07.19.11 4:29 PM ET
Rupert’s See-No-Evil Tactics
“I only want to say this is the most humble day of my life,” interjected Rupert Murdoch, early in the hearing. It was a carefully rehearsed soundbite, in a strategy that called for James Murdoch to do most of the talking—in generalized management-speak, in Donald Duck accent, and at great length. In front of M.P.s who had no skill at cross-examination, this prevented much truth from emerging.
But one great symbolic truth was left in the minds of the British public: the picture of Rupert Murdoch being snuck in the back door of No.10 Downing Street, to be thanked by the prime minister for his newspaper’s electoral support. This, Rupert cheerfully admitted, was a regular event, apparently as the prime minister to whom he had delivered political power arranged to express his gratitude at a clandestine meeting. The seamy side of British democracy was appropriately symbolized.
The problem with the Murdoch strategy was that it required Rupert never to have known, seen, or heard any evil. So initially he looked far too ignorant and doddery to run an international corporation. It followed from his stance that he must have been lied to by his executives, all of whom had conveniently left his employ in the last week. Rupert insisted that he bore no personal responsibility—everyone else might be guilty, but not him. By prematurely arresting Rebekah Brooks, the dimwitted British police had given him a ready-made excuse that he could not name the executives who had lied to him because it might prejudice their trial. As for his own potential trial, he was giving no hostages to fortune.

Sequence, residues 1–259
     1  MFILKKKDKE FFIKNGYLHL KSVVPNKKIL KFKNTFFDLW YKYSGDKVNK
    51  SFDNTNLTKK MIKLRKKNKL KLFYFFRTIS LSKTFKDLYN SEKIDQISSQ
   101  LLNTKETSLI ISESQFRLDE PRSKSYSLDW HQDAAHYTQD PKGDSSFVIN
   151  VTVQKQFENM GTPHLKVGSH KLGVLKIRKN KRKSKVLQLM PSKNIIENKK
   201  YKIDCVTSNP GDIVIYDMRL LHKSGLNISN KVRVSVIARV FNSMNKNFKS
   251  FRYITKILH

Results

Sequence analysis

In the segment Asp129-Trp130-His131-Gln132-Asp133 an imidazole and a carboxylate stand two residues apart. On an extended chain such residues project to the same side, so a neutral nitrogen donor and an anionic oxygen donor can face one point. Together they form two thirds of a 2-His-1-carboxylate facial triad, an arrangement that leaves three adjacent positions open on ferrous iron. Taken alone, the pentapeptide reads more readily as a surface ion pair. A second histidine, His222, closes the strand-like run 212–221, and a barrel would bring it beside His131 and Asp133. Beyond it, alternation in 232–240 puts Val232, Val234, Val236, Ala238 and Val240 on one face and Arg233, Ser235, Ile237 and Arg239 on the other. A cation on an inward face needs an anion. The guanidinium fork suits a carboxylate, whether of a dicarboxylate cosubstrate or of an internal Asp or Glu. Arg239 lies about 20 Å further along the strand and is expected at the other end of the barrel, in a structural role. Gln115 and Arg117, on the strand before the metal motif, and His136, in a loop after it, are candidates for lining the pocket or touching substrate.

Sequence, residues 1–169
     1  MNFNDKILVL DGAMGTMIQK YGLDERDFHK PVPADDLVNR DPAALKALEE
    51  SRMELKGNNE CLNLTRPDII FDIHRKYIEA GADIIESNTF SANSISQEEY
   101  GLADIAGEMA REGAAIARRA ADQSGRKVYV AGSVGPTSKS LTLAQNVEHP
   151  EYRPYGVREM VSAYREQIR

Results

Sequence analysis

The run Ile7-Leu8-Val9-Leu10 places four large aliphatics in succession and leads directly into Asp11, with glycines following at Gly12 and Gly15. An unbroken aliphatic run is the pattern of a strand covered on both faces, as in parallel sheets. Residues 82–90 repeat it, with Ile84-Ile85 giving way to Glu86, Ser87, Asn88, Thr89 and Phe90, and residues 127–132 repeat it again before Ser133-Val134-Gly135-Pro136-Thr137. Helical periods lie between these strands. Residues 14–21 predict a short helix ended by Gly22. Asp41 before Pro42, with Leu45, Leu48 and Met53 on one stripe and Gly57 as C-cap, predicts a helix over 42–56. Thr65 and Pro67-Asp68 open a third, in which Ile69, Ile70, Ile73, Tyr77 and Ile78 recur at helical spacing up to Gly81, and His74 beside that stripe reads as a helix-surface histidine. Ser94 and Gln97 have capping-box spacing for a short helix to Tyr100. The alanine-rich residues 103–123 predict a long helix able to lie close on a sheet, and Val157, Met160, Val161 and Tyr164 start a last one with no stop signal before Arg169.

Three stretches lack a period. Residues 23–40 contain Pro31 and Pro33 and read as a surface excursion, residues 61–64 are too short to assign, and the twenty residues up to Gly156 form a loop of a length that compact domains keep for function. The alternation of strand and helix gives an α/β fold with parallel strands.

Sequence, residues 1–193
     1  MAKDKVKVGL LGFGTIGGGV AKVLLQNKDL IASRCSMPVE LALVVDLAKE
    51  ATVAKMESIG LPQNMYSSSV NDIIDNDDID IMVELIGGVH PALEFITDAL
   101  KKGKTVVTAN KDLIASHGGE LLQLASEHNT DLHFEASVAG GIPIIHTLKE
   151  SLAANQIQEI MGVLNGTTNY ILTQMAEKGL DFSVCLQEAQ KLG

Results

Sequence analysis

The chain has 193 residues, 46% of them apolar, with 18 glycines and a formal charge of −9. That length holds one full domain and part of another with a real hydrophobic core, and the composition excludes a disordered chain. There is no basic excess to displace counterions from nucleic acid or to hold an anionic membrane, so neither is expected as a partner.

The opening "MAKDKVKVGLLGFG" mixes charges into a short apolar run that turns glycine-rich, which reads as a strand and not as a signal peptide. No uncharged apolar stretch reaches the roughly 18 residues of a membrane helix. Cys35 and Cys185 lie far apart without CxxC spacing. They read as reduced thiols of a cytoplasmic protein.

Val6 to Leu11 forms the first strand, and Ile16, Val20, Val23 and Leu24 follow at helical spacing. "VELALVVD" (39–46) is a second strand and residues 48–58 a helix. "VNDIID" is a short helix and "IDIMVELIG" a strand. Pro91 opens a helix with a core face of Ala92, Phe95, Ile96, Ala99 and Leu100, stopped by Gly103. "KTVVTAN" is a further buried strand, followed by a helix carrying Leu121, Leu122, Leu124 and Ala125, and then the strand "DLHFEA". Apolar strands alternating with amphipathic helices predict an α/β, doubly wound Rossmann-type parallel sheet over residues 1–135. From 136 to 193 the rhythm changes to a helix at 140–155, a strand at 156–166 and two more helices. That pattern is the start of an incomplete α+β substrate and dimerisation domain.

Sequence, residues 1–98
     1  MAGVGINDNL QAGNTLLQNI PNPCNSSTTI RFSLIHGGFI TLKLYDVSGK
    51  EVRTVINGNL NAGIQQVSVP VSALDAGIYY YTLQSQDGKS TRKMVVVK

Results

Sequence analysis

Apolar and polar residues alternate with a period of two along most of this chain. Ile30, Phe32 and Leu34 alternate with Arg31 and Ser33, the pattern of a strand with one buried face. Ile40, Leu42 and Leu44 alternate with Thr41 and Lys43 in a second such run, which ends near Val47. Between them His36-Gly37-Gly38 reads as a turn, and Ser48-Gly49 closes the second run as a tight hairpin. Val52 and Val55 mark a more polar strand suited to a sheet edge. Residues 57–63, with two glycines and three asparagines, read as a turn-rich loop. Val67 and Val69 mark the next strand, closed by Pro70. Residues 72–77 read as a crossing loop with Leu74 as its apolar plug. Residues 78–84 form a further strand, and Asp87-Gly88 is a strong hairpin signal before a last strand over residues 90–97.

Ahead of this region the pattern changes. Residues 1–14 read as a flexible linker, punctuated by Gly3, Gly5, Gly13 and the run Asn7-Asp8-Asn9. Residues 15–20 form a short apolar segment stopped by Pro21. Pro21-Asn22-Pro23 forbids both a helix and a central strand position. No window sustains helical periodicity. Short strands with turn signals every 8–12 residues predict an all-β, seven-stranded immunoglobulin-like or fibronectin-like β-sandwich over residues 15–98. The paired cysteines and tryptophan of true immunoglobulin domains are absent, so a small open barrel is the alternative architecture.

Yet there was one moment when a shaft of light penetrated this rather feckless questioning. An M.P. asked whether News Corp. had paid Glenn Mulcaire's legal fees, and the Murdochs could not deny that they had paid Mulcaire and may still be paying him if his contract (which—surprise, surprise—they have not seen) required it. Yet Mulcaire is the man who has done all the damage by hacking a dead girl’s phone and the phones of relatives of dead soldiers and terrorist victims. This is the man whose work they have apologized for—and yet they have paid him and may still be paying him! How sincere can their apologies be?
Then, there was the question about hacking the families of 9/11 victims. Rupert knew nothing about that—he wouldn't, would he? But James betrayed a real degree of uncertainty. Mulcaire, the demon hacker, invaded the grief of parents of soldiers killed in Afghanistan and of victims of terrorism in London. So why would he draw a line at 9/11? Mulcaire, remember, is (or certainly was) in the pay of News Limited, so why don't the Murdochs invoke his mystery contract and make him available to tell the truth to the FBI? Rupert, you had better find that contract between News Limited and Glenn Mulcaire and read it. Quickly. For the sake of your dynasty, cut him loose. Having Mulcaire under contract is a lot more dangerous to you than shaving cream.